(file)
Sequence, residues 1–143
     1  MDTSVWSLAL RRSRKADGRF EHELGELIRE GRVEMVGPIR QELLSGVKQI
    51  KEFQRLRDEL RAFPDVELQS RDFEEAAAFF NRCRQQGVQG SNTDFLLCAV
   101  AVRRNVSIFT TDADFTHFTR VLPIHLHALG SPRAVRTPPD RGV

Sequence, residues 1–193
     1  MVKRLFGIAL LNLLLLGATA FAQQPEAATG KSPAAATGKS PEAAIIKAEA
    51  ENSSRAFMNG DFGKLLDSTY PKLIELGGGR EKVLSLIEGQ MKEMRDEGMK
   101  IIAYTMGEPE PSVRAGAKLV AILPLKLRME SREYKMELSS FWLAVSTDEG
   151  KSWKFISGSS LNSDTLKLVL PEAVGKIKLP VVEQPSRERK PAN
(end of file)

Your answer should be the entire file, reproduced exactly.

Sequence, residues 1–143
     1  MDTSVWSLAL RRSRKADGRF EHELGELIRE GRVEMVGPIR QELLSGVKQI
    51  KEFQRLRDEL RAFPDVELQS RDFEEAAAFF NRCRQQGVQG SNTDFLLCAV
   101  AVRRNVSIFT TDADFTHFTR VLPIHLHALG SPRAVRTPPD RGV

Sequence, residues 1–193
     1  MVKRLFGIAL LNLLLLGATA FAQQPEAATG KSPAAATGKS PEAAIIKAEA
    51  ENSSRAFMNG DFGKLLDSTY PKLIELGGGR EKVLSLIEGQ MKEMRDEGMK
   101  IIAYTMGEPE PSVRAGAKLV AILPLKLRME SREYKMELSS FWLAVSTDEG
   151  KSWKFISGSS LNSDTLKLVL PEAVGKIKLP VVEQPSRERK PAN